A ground blizzard is brewing on the Blackfeet Indian Reservation in northern Montana. How is the tribe preparing for high winds and snow drifts?
Katy Kittson, a dispatcher at Blackfeet Transit, says the department has been dealing with late starts and road closures as the storm moves into Browning.
"We already had two busses stuck this morning," Kittson said.
Gusts of wind up to 70 mph are expected to create “ground blizzard” conditions as far south as Dupuyer and as far north as the Canadian border. That’s according to the National Weather Service, which on Monday afternoon downgraded the storm from a blizzard warning to a winter weather advisory, in effect until Tuesday morning. It says there could be zero visibility and is warning against driving.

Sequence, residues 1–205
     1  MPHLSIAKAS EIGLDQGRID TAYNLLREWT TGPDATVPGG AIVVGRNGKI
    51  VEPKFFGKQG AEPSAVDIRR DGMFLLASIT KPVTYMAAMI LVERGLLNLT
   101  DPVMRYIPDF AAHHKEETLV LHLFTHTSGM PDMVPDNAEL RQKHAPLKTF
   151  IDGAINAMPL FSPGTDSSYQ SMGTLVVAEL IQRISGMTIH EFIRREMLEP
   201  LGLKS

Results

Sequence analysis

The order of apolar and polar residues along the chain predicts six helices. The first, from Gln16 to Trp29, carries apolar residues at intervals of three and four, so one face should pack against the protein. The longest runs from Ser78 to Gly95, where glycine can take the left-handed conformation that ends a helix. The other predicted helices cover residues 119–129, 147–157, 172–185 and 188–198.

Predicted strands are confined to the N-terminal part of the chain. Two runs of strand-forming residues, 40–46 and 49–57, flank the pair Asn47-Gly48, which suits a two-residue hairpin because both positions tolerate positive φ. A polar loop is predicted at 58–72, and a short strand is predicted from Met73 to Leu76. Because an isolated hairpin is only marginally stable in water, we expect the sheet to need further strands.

Kittson, the Blackfeet dispatcher, says unless tribal council tells the department otherwise, the tribal fleet will still be giving Browning residents rides.
"Right now, we’re doing medical, employment and bringing passengers to the grocery store to get their groceries and things that they need," Kittson said.
The blizzard comes after a September storm dumped a record-breaking 48 inches of snow on Browning and led Gov. Steve Bullock to declare an emergency.
Monday morning, the Blackfeet Tribal Business Council told all out of town employees to stay home. Many public schools, including Browning Public Schools and Heart Butte School, were cancelled for the day.
The strongest winds are expected to have passed.
Olivia Reingold is Yellowstone Public Radio’s Report for America corps member.